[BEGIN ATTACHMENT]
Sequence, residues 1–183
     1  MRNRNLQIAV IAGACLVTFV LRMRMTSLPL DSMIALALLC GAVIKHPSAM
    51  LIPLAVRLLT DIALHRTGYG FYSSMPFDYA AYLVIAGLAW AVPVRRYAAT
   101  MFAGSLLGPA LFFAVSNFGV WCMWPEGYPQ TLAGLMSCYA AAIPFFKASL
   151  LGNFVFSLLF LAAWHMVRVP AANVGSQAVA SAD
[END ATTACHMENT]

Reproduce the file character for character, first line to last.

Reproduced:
Sequence, residues 1–183
     1  MRNRNLQIAV IAGACLVTFV LRMRMTSLPL DSMIALALLC GAVIKHPSAM
    51  LIPLAVRLLT DIALHRTGYG FYSSMPFDYA AYLVIAGLAW AVPVRRYAAT
   101  MFAGSLLGPA LFFAVSNFGV WCMWPEGYPQ TLAGLMSCYA AAIPFFKASL
   151  LGNFVFSLLF LAAWHMVRVP AANVGSQAVA SAD